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Kernel upgrade for Xperia X (and other phones?)

asked 2019-11-11 16:48:14 +0300

Keeper-of-the-Keys gravatar image

updated 2019-11-11 17:13:14 +0300

The Xperia X is still running kernel 3.10 which is outdated and unmaintained.

According to https://developer.sony.com/develop/open-devices/get-started/supported-devices-and-functionality/ they have kernel 4.14/Android 10 working on the Xperia X.

What can we do to bring either kernel 4.14 (preferably) or at least kernel 4.9 (Android 8/9) onto Sailfish X (and Jolla 1 would be really cool but I doubt that will happen)?

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answered 2019-11-12 02:48:43 +0300

r0kk3rz gravatar image

You can build a new adaptation upon the latest stuff from Sony if you want, join us in #sailfishos-porters on irc if you want help.

Having a pioneering community member demonstrate a fully working port based upon the newer android base for this device would be a huge step to securing a proper update for it

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Well, having fully functioning community build and even a working patch for the paid Sailfish X didn't exactly help with the X Compact version. Though at one point it was asked for almost as enthusiastically as the kernel update is now.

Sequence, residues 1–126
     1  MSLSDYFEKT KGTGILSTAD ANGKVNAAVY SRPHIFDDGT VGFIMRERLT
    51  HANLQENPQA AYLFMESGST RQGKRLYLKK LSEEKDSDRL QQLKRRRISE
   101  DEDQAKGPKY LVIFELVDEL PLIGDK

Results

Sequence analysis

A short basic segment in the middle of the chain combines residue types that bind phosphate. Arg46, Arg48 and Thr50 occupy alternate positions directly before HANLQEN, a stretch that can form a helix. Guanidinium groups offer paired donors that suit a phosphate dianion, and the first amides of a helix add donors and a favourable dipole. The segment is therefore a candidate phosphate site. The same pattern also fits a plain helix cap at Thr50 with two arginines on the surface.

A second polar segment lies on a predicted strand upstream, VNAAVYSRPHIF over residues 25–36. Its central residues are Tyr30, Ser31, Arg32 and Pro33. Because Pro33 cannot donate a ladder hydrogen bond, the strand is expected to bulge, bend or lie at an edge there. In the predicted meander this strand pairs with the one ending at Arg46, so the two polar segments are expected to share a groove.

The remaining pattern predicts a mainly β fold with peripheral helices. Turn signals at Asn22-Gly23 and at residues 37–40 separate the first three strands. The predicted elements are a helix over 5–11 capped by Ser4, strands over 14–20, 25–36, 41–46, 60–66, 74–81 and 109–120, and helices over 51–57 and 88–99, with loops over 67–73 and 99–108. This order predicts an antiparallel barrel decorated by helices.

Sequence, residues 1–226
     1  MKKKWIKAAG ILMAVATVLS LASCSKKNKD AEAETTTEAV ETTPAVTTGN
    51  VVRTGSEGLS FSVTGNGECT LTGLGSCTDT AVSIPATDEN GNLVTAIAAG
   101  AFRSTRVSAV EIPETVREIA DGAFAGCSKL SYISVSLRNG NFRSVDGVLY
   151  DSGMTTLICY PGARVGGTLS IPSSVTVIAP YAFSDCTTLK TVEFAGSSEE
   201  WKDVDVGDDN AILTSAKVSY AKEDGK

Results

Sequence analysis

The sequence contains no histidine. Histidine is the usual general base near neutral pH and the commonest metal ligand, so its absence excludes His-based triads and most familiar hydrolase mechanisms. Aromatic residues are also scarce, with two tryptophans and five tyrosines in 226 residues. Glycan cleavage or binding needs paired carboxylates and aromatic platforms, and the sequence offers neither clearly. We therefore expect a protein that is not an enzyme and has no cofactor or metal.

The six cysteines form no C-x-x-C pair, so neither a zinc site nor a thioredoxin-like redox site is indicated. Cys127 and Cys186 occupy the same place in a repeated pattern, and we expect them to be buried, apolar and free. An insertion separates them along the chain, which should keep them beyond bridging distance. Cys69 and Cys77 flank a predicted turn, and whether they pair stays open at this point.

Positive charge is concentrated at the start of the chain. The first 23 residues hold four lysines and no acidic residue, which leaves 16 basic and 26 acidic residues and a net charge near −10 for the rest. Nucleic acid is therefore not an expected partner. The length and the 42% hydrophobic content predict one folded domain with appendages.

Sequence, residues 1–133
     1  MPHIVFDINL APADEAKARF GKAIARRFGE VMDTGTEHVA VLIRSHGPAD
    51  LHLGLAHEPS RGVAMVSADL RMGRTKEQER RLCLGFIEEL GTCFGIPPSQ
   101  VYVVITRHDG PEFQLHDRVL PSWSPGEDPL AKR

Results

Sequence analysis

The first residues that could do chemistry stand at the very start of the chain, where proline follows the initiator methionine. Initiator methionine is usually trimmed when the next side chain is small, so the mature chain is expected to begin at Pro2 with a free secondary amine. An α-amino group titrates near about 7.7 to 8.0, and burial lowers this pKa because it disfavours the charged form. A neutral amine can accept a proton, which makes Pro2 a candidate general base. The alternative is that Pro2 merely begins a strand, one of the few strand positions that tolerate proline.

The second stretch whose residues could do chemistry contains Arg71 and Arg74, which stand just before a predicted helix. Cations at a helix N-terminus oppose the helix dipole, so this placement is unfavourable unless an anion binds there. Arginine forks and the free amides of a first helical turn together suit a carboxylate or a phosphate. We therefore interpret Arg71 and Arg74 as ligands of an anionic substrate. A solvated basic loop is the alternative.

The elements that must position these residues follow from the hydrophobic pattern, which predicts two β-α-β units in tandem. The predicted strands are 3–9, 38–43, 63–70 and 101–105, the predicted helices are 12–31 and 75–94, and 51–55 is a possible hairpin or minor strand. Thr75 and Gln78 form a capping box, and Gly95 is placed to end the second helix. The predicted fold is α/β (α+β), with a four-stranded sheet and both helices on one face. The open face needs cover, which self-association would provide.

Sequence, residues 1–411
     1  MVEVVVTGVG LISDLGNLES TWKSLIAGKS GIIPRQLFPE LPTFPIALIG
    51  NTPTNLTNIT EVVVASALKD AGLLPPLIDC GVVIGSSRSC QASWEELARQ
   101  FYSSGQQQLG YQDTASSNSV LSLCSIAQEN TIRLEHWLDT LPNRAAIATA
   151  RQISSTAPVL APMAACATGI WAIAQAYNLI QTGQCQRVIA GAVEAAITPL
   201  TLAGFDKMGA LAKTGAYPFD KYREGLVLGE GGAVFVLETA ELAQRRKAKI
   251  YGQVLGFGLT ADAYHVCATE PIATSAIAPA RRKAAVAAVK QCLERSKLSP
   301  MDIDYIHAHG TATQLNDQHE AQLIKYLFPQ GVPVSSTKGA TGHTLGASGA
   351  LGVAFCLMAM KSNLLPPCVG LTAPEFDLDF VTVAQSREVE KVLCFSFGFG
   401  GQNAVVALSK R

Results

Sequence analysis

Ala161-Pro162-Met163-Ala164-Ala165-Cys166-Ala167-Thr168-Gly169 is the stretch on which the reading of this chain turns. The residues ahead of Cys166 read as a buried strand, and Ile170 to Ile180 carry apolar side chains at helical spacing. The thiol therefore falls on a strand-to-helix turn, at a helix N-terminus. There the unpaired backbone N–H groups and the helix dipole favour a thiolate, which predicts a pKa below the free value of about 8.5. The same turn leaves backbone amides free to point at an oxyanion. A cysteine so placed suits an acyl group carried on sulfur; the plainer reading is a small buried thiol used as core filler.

figgis-diggis ( 2019-11-12 20:57:25 +0300 )edit

I'll try to look into it, but this is my daily driver so it'll depend on how severe I may knock myself out.

Keeper-of-the-Keys ( 2019-11-12 23:19:09 +0300 )edit

@Keeper-of-the-Keys it usually involves a lot of reflashing your device, so if its your every day device then that could get annoying

r0kk3rz ( 2019-11-13 00:16:36 +0300 )edit

@r0kk3rz Is there any online documentation on the process? It's not possible to just build a new kernel rpm or even build a new kernel and copy it to the right path?

Keeper-of-the-Keys ( 2019-11-13 18:14:21 +0300 )edit


No, you can't just build a new kernel and flash it and expect it to actually work, and the reasons for this are somewhat complicated. This is certainly not like updating the kernel in your linux pc!

r0kk3rz ( 2019-11-14 01:32:33 +0300 )edit

answered 2019-11-11 20:26:06 +0300

Firefox84 gravatar image